So this convicted drug dealer, Tony Joshua, is wanted for violating his parole in Baltimore County and, when the fugitive-hunters go sniffing for him, they head for his last known address.
The last-known landlord tells them Joshua has been evicted.
Working this case are Sgt. Al Rehn of the state police, veteran FBI agent Sam Wichner and Baltimore County Detective Donald Diehl. They hear from the landlord that Joshua left a pet -- a 4-foot boa constrictor.
The boa had been taken to the animal shelter in Baldwin. Sergeant Rehn -- "Please call me Al" -- plays a hunch that Joshua loves this boa so much he'd risk going to jail for it.
Al calls the animal shelter and -- whaddaya know? -- Joshua already had called there looking for it. Learning the whereabouts of the boa, Joshua had promised to come and get it.
So the fugitive squad sets up a stakeout at the animal shelter. They do this for a few hours each day and -- whaddaya know? -- Joshua posts for the boa on the fourth day.
Al and his comrades arrest Joshua without incident even though, it turns out, Joshua was armed with an automatic handgun. He also had 17 grams of heroin in his car.
Joshua recently got a 10-year, no-parole sentence. The boa, by the way, has been adopted.
MA Which means neither man nor boa will be homeless for a while.
A happy ending
Sign spotted recently outside Doc & Annie's Tavern, Ritchie Highway, Brooklyn Park: "Jackie McLung makes his bad checks good." That's an update of an earlier sign that said: "Jackie McLung writes bad checks." Doc King and Annie Smith don't fool around with deadbeats who stick them for bar tabs or rent on the upstairs rooms. They humiliate them by putting the names on the roadside sign. The McLung sign went up in late summer 1992, and Doc vowed to keep it until McLung made good on the checks he wrote for a total of $95. "I doubt if I'll get it," Doc moaned. But Jackie, an auto repairman, came through, and Doc announced the happy ending on his sign. Then he and Annie took off for Cancun.
Getting an earful
About the Baltimore Opera Company's production of "Lucia di Lammermoor," which finished its Lyric run yesterday afternoon, let me say this: It was superb, it was gorgeous. The second-act sextet ("Chi mi frena in tal momento") was absolutely stunning, one of those moments that forces you to stop and stare with your ears. The tune was familiar -- I first heard it sung by The Stooges -- but the leads, chorus and orchestra performed it with such beauty and emotion that even old opera buffs could have believed they were hearing it for the first time. If Donizetti wasn't dead, I'd high-five him for writing it. Pardon all this gushing. Baltimore Opera productions get better all the time, so I suggest some financial planning to ensure tickets to Verdi's "Macbeth" in March or, if you're an opera novice, Puccini's "La Boheme" (the one that made Cher cry in "Moonstruck") in April.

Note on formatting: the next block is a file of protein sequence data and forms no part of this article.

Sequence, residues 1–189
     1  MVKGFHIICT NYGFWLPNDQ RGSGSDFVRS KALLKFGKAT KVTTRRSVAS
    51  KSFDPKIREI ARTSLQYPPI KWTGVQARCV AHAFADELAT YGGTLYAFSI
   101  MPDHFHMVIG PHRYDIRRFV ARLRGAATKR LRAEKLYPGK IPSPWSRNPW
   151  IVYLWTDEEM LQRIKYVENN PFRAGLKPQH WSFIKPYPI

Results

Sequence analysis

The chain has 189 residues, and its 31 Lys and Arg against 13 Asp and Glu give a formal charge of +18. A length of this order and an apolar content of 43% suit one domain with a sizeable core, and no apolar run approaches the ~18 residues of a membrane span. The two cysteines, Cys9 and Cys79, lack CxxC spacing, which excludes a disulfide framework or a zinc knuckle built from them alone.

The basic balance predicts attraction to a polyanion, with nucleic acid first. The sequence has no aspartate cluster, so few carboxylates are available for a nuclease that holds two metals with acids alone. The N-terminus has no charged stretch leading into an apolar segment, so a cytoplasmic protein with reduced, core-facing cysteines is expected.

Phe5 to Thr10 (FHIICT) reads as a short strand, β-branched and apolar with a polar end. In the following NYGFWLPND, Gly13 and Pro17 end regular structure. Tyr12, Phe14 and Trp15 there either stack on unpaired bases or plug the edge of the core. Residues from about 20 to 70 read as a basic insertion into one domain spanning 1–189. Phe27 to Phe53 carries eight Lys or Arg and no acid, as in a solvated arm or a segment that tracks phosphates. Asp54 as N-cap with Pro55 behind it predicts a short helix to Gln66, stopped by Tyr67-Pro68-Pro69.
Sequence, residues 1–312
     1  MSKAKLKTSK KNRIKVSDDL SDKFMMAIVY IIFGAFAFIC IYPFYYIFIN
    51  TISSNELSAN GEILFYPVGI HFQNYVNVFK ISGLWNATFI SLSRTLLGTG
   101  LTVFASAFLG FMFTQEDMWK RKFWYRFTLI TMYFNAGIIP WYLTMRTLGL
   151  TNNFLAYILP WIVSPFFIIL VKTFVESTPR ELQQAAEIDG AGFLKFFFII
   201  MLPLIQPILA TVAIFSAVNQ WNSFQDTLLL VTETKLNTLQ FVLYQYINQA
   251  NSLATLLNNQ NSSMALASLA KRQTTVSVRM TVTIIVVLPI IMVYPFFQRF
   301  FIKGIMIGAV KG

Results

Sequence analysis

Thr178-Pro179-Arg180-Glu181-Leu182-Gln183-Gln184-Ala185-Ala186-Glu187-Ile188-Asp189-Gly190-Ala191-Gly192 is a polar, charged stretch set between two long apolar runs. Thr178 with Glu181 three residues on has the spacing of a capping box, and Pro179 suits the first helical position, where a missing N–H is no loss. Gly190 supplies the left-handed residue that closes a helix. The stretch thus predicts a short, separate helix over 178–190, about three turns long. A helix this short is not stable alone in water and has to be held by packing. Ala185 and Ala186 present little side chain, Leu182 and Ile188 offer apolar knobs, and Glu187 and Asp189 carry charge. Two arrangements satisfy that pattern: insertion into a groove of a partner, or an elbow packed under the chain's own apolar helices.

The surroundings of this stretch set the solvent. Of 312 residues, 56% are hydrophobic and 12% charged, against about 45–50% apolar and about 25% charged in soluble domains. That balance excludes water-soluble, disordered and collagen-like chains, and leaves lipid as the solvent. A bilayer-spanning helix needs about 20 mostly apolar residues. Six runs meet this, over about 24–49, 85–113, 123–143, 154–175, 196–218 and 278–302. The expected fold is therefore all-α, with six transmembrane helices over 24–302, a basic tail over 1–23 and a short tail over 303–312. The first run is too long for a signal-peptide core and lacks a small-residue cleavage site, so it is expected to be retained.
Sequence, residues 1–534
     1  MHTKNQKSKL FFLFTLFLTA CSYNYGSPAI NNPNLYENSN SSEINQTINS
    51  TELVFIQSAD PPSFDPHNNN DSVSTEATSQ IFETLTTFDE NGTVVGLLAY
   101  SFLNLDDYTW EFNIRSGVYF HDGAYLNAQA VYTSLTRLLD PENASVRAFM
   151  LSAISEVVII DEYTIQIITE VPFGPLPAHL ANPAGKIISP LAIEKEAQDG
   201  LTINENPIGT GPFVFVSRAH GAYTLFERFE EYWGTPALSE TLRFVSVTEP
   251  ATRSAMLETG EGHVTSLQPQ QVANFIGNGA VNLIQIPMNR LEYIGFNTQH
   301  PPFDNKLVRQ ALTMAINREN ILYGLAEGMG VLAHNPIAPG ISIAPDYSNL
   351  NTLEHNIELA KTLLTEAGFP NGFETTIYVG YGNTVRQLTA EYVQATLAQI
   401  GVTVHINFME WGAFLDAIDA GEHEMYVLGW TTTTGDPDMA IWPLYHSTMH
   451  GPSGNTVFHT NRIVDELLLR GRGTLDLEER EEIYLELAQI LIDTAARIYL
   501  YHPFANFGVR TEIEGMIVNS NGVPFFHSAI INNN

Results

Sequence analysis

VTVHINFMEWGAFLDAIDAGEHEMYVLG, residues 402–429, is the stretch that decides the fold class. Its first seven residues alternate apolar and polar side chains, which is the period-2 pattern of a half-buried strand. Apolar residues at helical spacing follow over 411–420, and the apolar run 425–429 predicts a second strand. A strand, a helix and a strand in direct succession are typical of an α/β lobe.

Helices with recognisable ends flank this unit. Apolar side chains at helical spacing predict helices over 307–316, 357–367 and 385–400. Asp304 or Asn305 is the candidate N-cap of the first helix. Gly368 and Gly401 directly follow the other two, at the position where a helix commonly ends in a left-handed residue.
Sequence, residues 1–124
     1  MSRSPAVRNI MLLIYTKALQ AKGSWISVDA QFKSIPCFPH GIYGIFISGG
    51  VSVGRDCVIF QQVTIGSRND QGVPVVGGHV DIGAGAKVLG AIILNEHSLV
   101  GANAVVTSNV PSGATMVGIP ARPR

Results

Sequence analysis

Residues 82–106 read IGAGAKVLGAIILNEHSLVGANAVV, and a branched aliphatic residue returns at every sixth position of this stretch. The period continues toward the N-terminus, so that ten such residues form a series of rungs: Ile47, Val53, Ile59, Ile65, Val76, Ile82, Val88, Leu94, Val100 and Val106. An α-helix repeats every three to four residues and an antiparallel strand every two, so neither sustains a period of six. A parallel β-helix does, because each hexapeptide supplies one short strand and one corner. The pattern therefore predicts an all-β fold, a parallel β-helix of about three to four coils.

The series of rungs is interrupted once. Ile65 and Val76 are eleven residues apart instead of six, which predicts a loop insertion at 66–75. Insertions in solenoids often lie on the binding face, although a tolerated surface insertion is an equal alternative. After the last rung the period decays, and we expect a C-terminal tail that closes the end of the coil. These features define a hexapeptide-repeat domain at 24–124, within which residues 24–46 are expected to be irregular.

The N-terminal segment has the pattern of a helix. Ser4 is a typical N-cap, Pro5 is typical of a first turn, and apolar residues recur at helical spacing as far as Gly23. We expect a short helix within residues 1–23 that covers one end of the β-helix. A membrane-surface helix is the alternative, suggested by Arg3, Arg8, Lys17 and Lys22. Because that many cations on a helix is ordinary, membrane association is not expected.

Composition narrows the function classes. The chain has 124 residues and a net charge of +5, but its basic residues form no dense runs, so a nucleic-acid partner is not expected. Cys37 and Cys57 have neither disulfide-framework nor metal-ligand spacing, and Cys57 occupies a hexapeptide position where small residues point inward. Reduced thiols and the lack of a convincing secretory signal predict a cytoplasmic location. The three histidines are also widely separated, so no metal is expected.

A word from cue source
"We are trying to elevate cuemaking to an art form," drawls Leonard Bludworth, Houston craftsman and big daddy of the American Cuemakers Association. "So we've got a couple of nice ladies from Baltimore to judge our competition -- Judith Lippman, of the Meredith Gallery, and Diane Brandt Stillman, from the Walters. I got their resumes here and, Gooooood Lord, )) they floored me! These ladies don't know anything about pool cues but they know what art is."
More than 50 cuemakers head this way Friday for a three-day convention at the Sheraton International at BWI. They'll exhibit cues and engage in a design competition. "I've judged many competitions before, and we're often asked to look at the combination of aesthetics and function," Stillman says. "There's no reason to think pool cues will be any different."
The association was formed to promote U.S.-made cues, and some of the finest come from Towson. (Joss Cues' sticks were used by Tom Cruise and Paul Newman in "The Color of Money.") How big is the market? "Well," says Bludworth, "there was one study recently, said 44 million Americans play pool at least three times a week." So where does Arnold get off saying we are a nation of girlie men?
Poem from prison
John Thanos, who sits on Maryland's Death Row wishing to hear no more of appeals, recently sent poems he penned while in prison to Sun reporter Glenn Small. This one is titled, "To My Old Feather Bed."
I pondered 'bout the rainbow
and then of sugary sweets,
'bout the Baker's dozen,
of cookie jars and treats.
Drifting even further,
A walkin thru the past,
barefootin down the hollows,
a chewin sassafras.
Yonder ways I saw,
a farmer's long straight row,
the harvest-moon a'risin,
set off a fiery glow.
The crickets started creakin,
they could have woke the dead,
as thru the past I journeyed,
& to my old feather bed.